At least Microsoft didn’t skimp on the speakers. Although they are not as good as in the Surface Pro 8, they are solid upper mid-range for notebooks of this size. Highs and mids are clear and it gets loud enough without clipping. It’s a bit lacking in the low end, but that’s not surprising for a notebook this compact.

Performance

But enough superficiality, because in the end, of course, what matters most is how things are going in everyday life. And here I have to say: Surprisingly good. Of course, you shouldn’t expect miracles from the Core i5 CPU, but it’s easily sufficient for everything that comes up in everyday life. The 8GB RAM is hardly an obstacle. It doesn’t matter whether it’s Office or small photo and video editing here and there, everything runs smoothly and without snagging. However, depending on the task, it can sometimes take a little longer.

Countless tabs open in the browser, a few terminal sessions to set up an SSH server and services, and stream music or videos at the same time – these were usually my evenings, as there is still a lot to do at the Homelab, at the Smart Home and so on. The Surface Laptop Go 2 held up wonderfully and even if it got later on the weekend, the battery still held out.

What’s really no fun is gaming – the Intel Iris Xe graphics just aren’t made for that. Similar to the Surface Laptop Studio, Microsoft is stingy with the VRAM, which is quickly noticed. Even undemanding titles like Counter Strike ran only so-so in Full HD. According to the benchmark, it achieves an average of 46 FPS, but it is still unplayable due to the existing stuttering and stuttering. Most of the other stuff wasn’t gambleable either.

Even in 720p, i.e. still well below the native resolution, it is not recommended. The SSD performance is also not that great. When it comes to writing, it’s one of the slowest SSDs I’ve tested in a long time. And as soon as you leave out the sequential read performance, you’re left with maximum mediocrity, although that’s putting it very benevolently.

As a mobile office, as a school notebook and for most courses, the Surface Laptop Go 2 is a suitable companion. Especially since it is very light and compact at only 1100 grams. In addition, it doesn’t get loud even under constant load, the fan can hardly be heard even in the AIDA stress test. I personally never noticed it under normal conditions. And the waste heat was also kept within limits.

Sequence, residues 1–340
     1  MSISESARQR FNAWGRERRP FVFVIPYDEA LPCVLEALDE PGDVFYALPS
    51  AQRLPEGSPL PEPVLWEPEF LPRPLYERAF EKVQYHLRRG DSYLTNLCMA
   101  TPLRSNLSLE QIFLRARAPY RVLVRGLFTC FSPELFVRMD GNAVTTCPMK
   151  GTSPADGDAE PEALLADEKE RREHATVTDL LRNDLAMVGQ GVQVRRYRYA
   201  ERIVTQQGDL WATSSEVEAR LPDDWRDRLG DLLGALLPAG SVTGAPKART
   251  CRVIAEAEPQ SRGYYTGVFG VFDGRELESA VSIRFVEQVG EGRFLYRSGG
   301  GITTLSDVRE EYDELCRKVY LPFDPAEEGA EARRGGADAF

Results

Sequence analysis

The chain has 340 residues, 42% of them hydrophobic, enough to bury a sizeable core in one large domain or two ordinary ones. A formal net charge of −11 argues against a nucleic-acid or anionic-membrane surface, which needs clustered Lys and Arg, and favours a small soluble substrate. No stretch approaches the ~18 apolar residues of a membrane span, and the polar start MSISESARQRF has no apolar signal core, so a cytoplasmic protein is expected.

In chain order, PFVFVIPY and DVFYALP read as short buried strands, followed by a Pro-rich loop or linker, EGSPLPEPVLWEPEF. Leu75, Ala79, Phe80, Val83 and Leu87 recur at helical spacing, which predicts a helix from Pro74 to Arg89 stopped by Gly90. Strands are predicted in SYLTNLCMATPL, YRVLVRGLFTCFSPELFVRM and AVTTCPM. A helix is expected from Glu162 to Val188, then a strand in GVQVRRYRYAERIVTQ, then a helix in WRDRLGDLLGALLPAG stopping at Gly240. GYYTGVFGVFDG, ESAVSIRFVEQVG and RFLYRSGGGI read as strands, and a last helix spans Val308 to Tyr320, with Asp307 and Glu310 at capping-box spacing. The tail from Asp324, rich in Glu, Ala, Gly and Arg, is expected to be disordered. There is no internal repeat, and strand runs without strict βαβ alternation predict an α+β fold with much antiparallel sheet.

In the stress test, the Surface Laptop Go 2 was able to maintain the boost clock of 2.6 Ghz on all cores for almost two minutes. The temperature rose to a maximum of 88°C with a power consumption of almost 20 watts. It’s all absolutely fine. After the boost, the CPU leveled off at around 1.9Ghz in the long term, and the average temperature was 65°C. In return, the Core i5 fell back to its 12 watt base TDP.

Gear up

 

Finally, briefly to the “Danger Zone” – the upgrade. Here the Laptop Go 2 is a real Surface and nothing works without possible damage to the device. The rubber feet have to come off and whether they stick again afterwards is a matter of luck. Underneath are seven screws and lots of small plastic clips that hold the keyboard and its bezel in place. There is not much to see afterwards: The RAM is soldered, just like everything else. The two highlights are that not everything was simply poured with glue and the SSD is actually interchangeable. An M.2 2230 PCIe SSD can be installed and thus currently up to 1TB of storage in this design. So you can save a little if you dare to open the device and swap an SSD yourself.

Conclusion

Overall, the Go 2 is a solid notebook that you can always have with you. Small, light, robust and with excellent input devices.

For me it’s still not a “real” Surface. For me, Surface has developed over the years into the “seamless” Windows device that all other manufacturers should learn from. Open the display, display comes on, logged in, done. With the Surface Laptop Go 2, I first have to unlock it via pin or fingerprint, which breaks this experience. Sure, that’s not the end of the world and very, very “First World Problem”, but that’s what makes a surface device for me. Even the first Surface Go tablet had Windows Hello integrated via the camera. So why not the Laptop Go 2? The missing keyboard lighting and the meager memory configuration are also not accessible to me.

On the other hand, it is the cheapest representative among the Surface laptops if we leave out the predecessor. For that you get a lot and an unbeatable processing. But there are also alternatives: The HP Pavilion x360 is currently* available for 30 euros less with a Windows Hello camera and 512GB SSD.

*at the time of research

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Hocainehttps://fadvices.com
A full time tech enthusiast with a passion for writing. Religiously follow everything new happening in the tech world and share my two cents with my audience here.